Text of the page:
The numbers suggest they do. The Minnesota Department of Public Safety Office of Traffic Safety said in a news release that 352 unbelted motorists were killed during the three-year span. That makes up 41% of all of the death on Minnesota roads.
How many of these people would be alive if they had buckled up?
The studies do suggest that teenagers are using their seatbelts more, which may be a product of many of them being buckled up at a very young age. There also is that little dinging noise in most cars that will remind you if you aren't buckled up
Now there are those who will argue that not all of these people would have been saved. They will even come up with examples where people have driven into lakes, but were able to escape because they weren't buckled. To that I say "Sure", but clearly more people stay in the car when they are buckled up. Those people who are are thrown long distances and suffer major injuries and death. The limited examples will never outweigh that impact.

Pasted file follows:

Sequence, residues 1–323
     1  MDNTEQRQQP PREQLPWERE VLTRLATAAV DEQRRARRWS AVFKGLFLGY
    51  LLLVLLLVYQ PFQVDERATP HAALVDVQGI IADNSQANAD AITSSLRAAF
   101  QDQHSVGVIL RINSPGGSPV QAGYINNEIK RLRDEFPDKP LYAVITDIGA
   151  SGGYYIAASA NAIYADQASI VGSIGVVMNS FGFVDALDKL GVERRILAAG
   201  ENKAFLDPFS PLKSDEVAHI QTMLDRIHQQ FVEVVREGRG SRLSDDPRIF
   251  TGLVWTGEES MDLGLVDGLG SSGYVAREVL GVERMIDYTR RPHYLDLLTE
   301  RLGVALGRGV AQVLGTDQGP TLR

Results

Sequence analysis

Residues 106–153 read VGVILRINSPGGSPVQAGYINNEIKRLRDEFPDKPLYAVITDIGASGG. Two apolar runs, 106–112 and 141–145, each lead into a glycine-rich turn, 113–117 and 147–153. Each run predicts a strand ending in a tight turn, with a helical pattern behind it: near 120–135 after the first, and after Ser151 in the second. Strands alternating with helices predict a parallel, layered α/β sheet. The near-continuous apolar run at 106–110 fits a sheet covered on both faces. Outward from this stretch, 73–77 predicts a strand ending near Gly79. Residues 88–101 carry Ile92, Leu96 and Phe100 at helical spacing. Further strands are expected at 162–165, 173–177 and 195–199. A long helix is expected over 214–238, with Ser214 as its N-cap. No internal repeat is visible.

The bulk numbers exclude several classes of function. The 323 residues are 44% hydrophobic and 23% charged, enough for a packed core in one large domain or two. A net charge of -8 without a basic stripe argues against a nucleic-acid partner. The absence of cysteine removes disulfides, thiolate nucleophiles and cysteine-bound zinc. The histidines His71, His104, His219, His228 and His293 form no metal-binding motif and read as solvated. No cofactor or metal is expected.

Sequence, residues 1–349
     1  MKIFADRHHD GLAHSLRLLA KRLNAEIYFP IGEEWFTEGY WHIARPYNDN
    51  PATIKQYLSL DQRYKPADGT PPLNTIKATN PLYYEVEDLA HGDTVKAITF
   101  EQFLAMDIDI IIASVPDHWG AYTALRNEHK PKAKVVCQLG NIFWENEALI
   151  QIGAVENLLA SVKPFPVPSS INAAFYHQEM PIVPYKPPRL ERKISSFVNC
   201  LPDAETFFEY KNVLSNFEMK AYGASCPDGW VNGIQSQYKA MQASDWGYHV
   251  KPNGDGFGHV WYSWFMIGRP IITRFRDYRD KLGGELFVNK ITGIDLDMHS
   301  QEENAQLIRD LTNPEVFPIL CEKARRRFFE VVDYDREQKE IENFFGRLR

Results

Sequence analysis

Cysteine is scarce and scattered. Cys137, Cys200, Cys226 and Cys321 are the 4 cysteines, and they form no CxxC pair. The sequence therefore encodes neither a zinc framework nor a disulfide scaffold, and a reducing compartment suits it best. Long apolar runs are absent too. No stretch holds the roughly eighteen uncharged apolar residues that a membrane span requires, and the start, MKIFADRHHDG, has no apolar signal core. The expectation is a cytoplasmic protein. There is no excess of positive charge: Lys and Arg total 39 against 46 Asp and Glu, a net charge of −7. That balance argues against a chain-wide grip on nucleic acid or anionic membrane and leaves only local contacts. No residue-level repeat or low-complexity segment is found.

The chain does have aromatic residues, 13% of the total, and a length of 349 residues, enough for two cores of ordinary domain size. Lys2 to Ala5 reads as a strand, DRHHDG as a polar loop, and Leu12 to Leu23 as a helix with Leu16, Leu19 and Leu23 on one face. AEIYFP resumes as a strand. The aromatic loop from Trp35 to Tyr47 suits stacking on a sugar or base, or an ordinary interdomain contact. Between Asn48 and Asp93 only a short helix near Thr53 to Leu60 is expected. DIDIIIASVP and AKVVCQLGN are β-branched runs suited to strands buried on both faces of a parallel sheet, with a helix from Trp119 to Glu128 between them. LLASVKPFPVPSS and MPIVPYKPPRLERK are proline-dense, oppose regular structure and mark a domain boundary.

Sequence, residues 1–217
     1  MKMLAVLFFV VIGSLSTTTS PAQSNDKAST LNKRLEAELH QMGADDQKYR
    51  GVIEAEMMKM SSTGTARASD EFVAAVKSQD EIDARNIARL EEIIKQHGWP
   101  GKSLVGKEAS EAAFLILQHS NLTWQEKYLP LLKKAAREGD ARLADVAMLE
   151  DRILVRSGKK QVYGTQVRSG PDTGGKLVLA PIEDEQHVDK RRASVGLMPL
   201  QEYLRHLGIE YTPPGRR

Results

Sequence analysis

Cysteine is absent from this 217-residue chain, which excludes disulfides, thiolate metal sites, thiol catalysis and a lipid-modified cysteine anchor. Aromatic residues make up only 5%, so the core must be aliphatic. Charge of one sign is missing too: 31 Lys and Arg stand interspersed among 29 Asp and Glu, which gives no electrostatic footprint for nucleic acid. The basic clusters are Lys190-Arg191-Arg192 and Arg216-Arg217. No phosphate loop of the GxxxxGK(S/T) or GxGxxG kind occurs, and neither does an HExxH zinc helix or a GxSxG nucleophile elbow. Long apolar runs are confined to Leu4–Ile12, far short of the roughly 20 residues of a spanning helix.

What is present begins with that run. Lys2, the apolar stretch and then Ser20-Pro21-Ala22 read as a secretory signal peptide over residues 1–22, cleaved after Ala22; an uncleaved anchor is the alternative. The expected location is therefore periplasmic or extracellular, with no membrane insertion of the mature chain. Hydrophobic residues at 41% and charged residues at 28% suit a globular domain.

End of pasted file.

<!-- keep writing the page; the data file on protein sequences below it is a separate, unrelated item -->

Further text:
With any death in a Minnesota motor vehicle collision, there are many issues that will need to be reviewed. My partner, Joe Crumley, addressed this topic in a article for the Minnesota Lawyers Trial magazine. I was interviewed on the same topic. Hopefully, the study and the resulting suggested changes the future numbers for these deaths will go down.
A founding partner with Bradshaw & Bryant, Mike Bryant has always fought to find justice for his clients—knowing that legal troubles, both personal injury and criminal, can be devastating for a family. Voted a Top 40 Personal Injury "Super Lawyer" multiple years, Mr. Bryant has also been voted one of the Top 100 Minnesota "Super Lawyers" four times.